From Consortium News
President Barack Obama, with Vice President Joe Biden, attends a meeting in the Roosevelt Room of the White House, Dec. 12, 2013.
(Image by (Official White House Photo by Pete Souza)) Permission Details DMCA
Any fair judgment about Barack Obama's presidency must start with the recognition that he inherited a dismal situation from George W. Bush: the U.S. economy was in free-fall and U.S. troops were bogged down in Iraq and Afghanistan. Clearly, these intertwined economic and foreign policy crises colored how Obama viewed his options, realizing that one false step could tip the world into the abyss.
It's also true that his Republican rivals behaved as if they had no responsibility for the messes that Obama had to clean up. From the start, they set out to trip him up rather than lend a hand. Plus, the mainstream media blamed Obama for this failure of bipartisanship, rewarding the Republicans for their nihilistic obstructionism.
That said, however, it is also true that Obama -- an inexperienced manager -- made huge mistakes from the outset and failed to rectify them in a timely fashion. For instance, he bought into the romantic notion of a "Team of Rivals" with his White House trumpeting the comparisons to Abraham Lincoln (although some of Lincoln's inclusion of rivals actually resulted from deals made at the 1860 Republican convention in Chicago to gain Lincoln the nomination).
In the real world of modern Washington, Obama's choice of hawkish Sen. Hillary Clinton to be his Secretary of State and Republican apparatchik Robert Gates to remain as Secretary of Defense -- along with keeping Bush's high command, including neocon favorite Gen. David Petraeus -- guaranteed that he would achieve little real foreign policy change.
Indeed, in 2009, this triumvirate collaborated to lock Obama into a futile counterinsurgency escalation in Afghanistan that did little more than get another 1,000 or so U.S. soldiers killed along with many more Afghans. In his memoir Duty, Gates said he and Clinton could push their joint views -- favoring more militaristic strategies -- in the face of White House opposition because "we were both seen as 'un-fireable.'"
So, Obama's rookie management mistake of surrounding himself with seasoned Washington operatives with a hawkish agenda doomed his early presidency to maneuvering at the edges of change rather than engineering a major -- and necessary -- overhaul of how the United States deals with the world.
Defense Secretary Robert Gates and Secretary of State Hillary Clinton on May 1, 2011, watching developments in the Special Forces raid that killed Osama bin Laden. Neither played a particularly prominent role in the operation.
(Image by (White House photo by Pete Souza)) Permission Details DMCA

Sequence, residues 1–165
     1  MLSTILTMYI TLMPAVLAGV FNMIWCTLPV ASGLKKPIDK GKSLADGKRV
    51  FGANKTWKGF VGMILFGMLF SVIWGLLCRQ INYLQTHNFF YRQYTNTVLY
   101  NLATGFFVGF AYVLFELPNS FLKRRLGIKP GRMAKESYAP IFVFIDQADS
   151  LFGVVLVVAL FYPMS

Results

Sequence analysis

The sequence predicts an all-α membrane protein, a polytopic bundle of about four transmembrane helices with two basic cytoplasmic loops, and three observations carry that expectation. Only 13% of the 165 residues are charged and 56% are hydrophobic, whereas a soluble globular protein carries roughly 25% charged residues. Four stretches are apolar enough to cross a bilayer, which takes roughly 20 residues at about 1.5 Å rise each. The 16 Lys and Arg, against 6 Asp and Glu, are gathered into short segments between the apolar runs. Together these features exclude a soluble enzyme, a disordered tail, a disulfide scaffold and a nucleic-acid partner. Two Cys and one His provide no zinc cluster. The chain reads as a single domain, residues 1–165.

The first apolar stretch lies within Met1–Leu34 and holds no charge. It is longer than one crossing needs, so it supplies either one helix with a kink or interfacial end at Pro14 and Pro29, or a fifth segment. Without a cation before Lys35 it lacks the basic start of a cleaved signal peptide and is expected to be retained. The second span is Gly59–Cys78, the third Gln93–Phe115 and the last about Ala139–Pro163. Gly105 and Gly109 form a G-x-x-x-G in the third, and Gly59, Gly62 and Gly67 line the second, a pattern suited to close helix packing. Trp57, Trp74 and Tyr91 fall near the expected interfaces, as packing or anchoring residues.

Obama may have thought he could persuade these experienced players with his intellect and charm but that is not how power works. At moments when Obama was inclined to move in a less warlike direction, Clinton, Gates and Petraeus could easily leak damaging comments about his "weakness" to friendly journalists at mainstream publications. Obama found himself consistently under pressure and he lacked the backbone to prove Gates wrong by firing Gates and Clinton.
Thus, Obama was frequently outmaneuvered. Besides the ill-fated counterinsurgency surge in Afghanistan, there was his attempt in 2009-10 to get Brazil and Turkey to broker a deal with Iran in which it would surrender much of its enriched uranium. But Israel and the neocons wanted a "regime change" bombing strategy against Iran, leading Secretary Clinton to personally torpedo the Brazil-Turkey initiative (with the strong support of The New York Times' editorial page) as Obama silently acquiesced to her insubordination.
In 2011, Obama also gave in to pressure from Clinton and one of his key advisers, "humanitarian" warmonger Samantha Power, to support another "regime change" in Libya. That U.S.-facilitated air war devastated the Libyan military and ended with Islamic militants sodomizing Libyan leader Muammar Gaddafi with a knife and then murdering him, a grisly outcome that Clinton celebrated with a chirpy rephrase of Julius Caesar's famous boast about a conquest, as she said: "We came, we saw, he died."
Clinton was less upbeat a year later when Islamic militants in Benghazi, Libya, killed U.S. Ambassador Christopher Stevens and three other U.S. personnel, launching a scandal that led to the exposure of her private email server and reverberated through to the final days of her failed presidential campaign in 2016.
Even after Clinton, Gates and Petraeus were gone by the start of Obama's second term, he continued to acquiesce to most of the demands of the neocons and liberal interventionists. Rather than act as a decisive U.S. president, Obama often behaved more like the sullen teenager complaining from the backseat about not wanting to go on a family trip. Obama grumbled about some of the neocon/liberal-hawk policies but he mostly went along, albeit half-heartedly at times.